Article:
Instagram hole removed due to blackmail

For several years, there was a bug in the code of the iOS application for Instagram that allowed attackers to hack accounts of this photo social network if the user connected to the service via an open Wi-Fi network.

For the first time, the existence of the vulnerability was reported by Stevie Graham, a developer from Britain. He tweeted the bug on July 27.

The programmer found out that Instagram for iOS partially uses an insecure HTTP connection. When a user opens an epp photo network on his iPhone and connects to it via public Wi-Fi, an attacker connected to the same network can find the smartphone and steal the account that is linked to the application.

Graham claims that he has known about the bug for several years. He even talked about it in the news section of Y Combinator. The developer said that he himself did not use the found bug, but remembered about it only recently and decided to check if Instagram has eliminated the vulnerability in its EPP. As a result, Graham found out that the vulnerability was still not fixed.

The programmer sent a report on the vulnerability to Facebook and Instagram, hoping to receive a monetary reward that Mark Zuckerberg’s social network pays for reporting bugs. Both companies, however, were unwilling to pay Graham money.

Facebook is the social network that owns Instagram, and the network responded that it had previously received reports of this vulnerability, and this vulnerability will soon be fixed.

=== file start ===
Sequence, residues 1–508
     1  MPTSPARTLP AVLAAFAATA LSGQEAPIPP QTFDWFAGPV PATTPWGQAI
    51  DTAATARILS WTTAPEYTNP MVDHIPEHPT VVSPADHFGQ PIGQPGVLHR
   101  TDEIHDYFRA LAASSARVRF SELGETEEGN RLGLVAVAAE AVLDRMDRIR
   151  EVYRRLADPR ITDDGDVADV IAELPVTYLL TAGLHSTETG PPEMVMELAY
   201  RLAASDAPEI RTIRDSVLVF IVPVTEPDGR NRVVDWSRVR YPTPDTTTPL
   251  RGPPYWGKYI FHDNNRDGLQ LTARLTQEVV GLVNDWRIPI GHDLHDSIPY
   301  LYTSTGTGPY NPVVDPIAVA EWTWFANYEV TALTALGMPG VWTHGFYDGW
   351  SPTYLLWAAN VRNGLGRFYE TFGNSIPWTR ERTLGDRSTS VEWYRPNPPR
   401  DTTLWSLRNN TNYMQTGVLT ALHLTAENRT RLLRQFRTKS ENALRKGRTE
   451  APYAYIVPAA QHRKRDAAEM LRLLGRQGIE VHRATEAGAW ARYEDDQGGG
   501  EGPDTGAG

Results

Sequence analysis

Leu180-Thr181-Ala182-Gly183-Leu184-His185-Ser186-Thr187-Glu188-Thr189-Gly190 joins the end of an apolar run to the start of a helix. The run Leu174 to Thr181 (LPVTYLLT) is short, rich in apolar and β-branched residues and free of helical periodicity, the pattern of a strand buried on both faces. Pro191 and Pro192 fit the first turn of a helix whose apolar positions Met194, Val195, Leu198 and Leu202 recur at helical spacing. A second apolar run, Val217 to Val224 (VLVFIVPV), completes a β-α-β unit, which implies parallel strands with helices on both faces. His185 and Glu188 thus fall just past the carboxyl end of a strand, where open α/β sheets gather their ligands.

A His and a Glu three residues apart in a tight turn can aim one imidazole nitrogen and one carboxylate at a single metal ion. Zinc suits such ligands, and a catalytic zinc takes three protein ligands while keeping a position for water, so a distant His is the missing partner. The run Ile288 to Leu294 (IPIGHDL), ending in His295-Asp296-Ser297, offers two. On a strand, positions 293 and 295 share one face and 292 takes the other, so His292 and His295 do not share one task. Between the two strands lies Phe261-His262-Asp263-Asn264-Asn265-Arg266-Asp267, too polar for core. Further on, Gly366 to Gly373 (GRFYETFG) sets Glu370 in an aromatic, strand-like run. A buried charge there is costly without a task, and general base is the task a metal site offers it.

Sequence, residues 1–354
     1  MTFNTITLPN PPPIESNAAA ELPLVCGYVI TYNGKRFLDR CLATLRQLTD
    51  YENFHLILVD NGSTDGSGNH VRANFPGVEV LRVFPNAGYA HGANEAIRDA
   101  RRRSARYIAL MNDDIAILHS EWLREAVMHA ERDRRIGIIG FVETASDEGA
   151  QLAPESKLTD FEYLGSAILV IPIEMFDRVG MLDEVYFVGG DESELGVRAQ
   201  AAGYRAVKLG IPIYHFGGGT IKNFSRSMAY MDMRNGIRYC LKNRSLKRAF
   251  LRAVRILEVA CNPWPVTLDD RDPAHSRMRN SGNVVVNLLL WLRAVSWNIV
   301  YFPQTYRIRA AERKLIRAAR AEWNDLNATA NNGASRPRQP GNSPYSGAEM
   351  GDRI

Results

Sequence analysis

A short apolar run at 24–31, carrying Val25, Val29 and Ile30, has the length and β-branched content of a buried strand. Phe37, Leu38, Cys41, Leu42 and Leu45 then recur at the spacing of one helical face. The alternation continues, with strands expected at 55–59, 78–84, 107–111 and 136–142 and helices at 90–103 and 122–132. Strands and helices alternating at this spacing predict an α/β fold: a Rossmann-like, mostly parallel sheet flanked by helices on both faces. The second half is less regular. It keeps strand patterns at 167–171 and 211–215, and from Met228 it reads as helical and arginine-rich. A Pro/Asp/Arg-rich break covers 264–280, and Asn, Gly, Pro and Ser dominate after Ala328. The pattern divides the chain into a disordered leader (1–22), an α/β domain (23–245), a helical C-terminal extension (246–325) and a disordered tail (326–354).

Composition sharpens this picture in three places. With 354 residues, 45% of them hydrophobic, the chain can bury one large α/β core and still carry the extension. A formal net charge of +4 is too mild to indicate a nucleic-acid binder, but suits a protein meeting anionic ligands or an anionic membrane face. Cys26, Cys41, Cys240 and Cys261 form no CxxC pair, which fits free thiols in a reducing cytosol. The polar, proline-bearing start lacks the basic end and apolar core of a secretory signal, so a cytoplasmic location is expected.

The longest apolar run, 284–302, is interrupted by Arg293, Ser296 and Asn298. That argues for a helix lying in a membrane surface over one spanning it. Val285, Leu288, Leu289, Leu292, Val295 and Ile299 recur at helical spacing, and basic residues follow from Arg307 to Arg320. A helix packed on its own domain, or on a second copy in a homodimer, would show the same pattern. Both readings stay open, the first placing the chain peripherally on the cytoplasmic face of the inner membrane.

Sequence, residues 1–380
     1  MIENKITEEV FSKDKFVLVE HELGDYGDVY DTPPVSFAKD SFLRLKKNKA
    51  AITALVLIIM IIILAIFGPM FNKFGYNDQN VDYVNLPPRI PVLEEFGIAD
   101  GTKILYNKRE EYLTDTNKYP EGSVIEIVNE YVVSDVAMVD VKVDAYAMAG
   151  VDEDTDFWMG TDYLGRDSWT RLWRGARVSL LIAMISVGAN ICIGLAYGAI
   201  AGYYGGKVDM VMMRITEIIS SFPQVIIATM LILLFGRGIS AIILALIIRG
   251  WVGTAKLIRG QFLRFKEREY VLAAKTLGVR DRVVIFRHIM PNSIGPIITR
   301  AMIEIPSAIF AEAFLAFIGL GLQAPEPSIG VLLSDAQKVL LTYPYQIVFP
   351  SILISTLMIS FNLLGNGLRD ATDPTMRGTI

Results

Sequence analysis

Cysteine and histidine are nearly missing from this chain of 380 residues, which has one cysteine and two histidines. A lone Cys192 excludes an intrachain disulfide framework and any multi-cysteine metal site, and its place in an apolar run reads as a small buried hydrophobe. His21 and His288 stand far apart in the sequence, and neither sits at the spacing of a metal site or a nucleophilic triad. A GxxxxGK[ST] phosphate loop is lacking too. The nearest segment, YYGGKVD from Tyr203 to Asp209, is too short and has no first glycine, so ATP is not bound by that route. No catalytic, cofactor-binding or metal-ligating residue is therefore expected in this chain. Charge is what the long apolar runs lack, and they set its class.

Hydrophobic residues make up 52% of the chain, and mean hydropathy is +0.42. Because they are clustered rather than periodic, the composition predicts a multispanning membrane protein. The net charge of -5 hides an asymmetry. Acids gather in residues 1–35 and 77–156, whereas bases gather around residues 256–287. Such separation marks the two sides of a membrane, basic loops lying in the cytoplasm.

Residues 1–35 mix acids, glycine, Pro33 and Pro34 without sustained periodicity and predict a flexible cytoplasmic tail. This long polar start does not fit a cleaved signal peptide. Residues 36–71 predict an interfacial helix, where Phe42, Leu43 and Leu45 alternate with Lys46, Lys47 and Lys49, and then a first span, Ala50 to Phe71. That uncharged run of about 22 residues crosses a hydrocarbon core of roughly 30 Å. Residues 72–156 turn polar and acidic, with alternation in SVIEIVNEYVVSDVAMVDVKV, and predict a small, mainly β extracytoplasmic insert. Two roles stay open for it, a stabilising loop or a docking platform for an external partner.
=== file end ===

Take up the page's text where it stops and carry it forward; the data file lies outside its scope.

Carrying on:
The programmer was outraged by such a development of events, as well as by the carelessness of the specialists serving various services, which until that moment had not eliminated such a serious bug over the years. Stevie Graham promised that he would put on the network a specially created program Instasheep, which allows you to hack accounts through the vulnerability he found.

Threats worked: Mike Krieger, the co-founder of Instagram, appeared in the comments on Stevie’s post on Y Combinator. He confirmed that the company really delayed fixing the bug and transferring the application to the HTTPS protocol. Krieger promised that the bug will be fixed soon, and he will report it.

Krieger also stressed that new Instagram features like Instagram Direct launched last year work through a secure HTTPS protocol, and therefore cannot be hacked through the bug described by Graham.

July 29 iOS – Instagram version has been updated. In the description of the updates, it is indicated that minor bugs were fixed in the EPP, but which ones are not specified.